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VeraCrypt Patches Vulnerabilities Following Audit

A recently conducted security assessment of VeraCrypt has revealed over 25 security vulnerabilities in the popular encryption platform, including a critical cryptography flaw.

A recently conducted security assessment of VeraCrypt has revealed over 25 security vulnerabilities in the popular encryption platform, including a critical cryptography flaw.

Funded by OSTIF (The Open Source Technology Improvement Fund), the assessment was performed by two Quarkslab senior researchers, Jean-Baptiste Bédrune and Marion Videau. Between Aug. 16 and Sep. 14, 2016, the two focused mainly on the new features that were introduced following last year’s audit of TrueCrypt.

Derived from the now discontinued TrueCrypt, VeraCrypt is a disk encryption software developed by IDRIX that not only focused on resolving vulnerabilities, but also on introducing new features. The security researchers analyzed version 1.18 of the software, and version 1.19 has already released to resolve the discovered issues.

Some of the introduced features include: support of UEFI, non-Western cryptographic algorithms (Camellia, Kuznyechik, GOST 28147-89, Streebog), volume expander, “Personal Iterations Multiplier,” support of UNICODE on Windows, use of StrSafe functions instead of string.h, gathering of entropy on mouse movements at each random number generation.

The Quarkslab researchers first focused on assessing the manner in which VeraCrypt resolved the vulnerabilities discovered in TrueCrypt and revealed that all of those brought to light by last year’s audit have been correctly fixed, except for a minor fix for one of them.

“In particular, the problem leading to a privilege escalation discovered by James Forshaw in the TrueCrypt driver just after the OCAP audit has been solved,” the researchers noted in their security assessment (PDF).

However, the researchers explain that the flaws that require “substantial modifications of the code or the architecture of the project” haven’t been patched, including the AES implementation that is susceptible to cache-timing attacks. Moreover, vulnerabilities leading to incompatibility with TrueCrypt have not been fixed.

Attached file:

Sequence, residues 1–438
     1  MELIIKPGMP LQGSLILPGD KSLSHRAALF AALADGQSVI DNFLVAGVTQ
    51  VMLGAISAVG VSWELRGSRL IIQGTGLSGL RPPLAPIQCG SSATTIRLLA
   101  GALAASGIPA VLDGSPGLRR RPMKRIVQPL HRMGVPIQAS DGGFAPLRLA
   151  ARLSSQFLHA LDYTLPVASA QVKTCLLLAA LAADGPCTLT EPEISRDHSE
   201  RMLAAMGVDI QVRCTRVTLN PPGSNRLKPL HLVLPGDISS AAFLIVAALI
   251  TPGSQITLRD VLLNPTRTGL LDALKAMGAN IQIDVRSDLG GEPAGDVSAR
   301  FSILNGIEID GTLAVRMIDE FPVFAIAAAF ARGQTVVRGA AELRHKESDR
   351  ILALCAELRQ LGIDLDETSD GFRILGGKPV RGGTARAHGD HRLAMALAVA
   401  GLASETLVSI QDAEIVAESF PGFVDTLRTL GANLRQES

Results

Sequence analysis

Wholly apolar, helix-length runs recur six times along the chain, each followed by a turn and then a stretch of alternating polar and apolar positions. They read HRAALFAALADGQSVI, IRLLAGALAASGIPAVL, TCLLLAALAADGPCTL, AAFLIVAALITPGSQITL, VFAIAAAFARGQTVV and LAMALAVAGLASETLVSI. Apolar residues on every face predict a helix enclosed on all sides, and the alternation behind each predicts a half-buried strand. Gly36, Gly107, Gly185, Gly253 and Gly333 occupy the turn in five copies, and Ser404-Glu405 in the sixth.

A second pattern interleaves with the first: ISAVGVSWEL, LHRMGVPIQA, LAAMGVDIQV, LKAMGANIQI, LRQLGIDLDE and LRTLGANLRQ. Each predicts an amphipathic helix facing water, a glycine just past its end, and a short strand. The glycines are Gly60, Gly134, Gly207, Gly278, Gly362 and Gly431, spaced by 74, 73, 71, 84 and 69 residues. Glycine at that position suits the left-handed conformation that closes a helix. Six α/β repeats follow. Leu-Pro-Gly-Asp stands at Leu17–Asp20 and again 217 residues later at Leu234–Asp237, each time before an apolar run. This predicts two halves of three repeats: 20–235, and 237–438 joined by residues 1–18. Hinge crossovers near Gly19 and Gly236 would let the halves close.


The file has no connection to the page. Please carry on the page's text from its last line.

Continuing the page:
A keyfile mixing not being cryptographically sound bug was one of the most notable issues found by the audit, a result of the fact that the manner in which the keyfiles are mixed to derive secret data relies on non-cryptographic mechanisms. There is also an unauthenticated ciphertext in volume headers flaw, where the lack of a real MAC on the volume headers makes existential forgeries possible with approximately 232 queries.

The researchers also discovered a series of new issues that must be corrected quickly, such as the availability of GOST 28147-89, a symmetric block cipher with a 64-bit block size. Added in VeraCrypt 1.18, the algorithm has been removed in version 1.19.

Moreover, the audit discovered that compression libraries are outdated or poorly written and that they must be updated or replaced. On top of that, researchers reveal that, if the system is encrypted, the boot password (in UEFI mode) or its length (in legacy mode) could be retrieved by an attacker, and they say that the UEFI loader is not mature yet, but that this is not causing security problems from a strict cryptographic point of view.

Despite these issues, however, the security researchers say that VeraCrypt evolved in a good direction and that assessment conclusions are taken into consideration. The overall security of the project is improving and the results are beneficial for people interested in using a disk encryption software.

“VeraCrypt is a project hard to maintain. Deep knowledge of several operating systems, the Windows kernel, the system boot chain and good concepts in cryptography are required. The improvements made by IDRIX demonstrate the possession of these skills,” the two researchers said.

Related: TrueCrypt Provides Good Data Protection: Audit

Written By

Ionut Arghire is an international correspondent for SecurityWeek.

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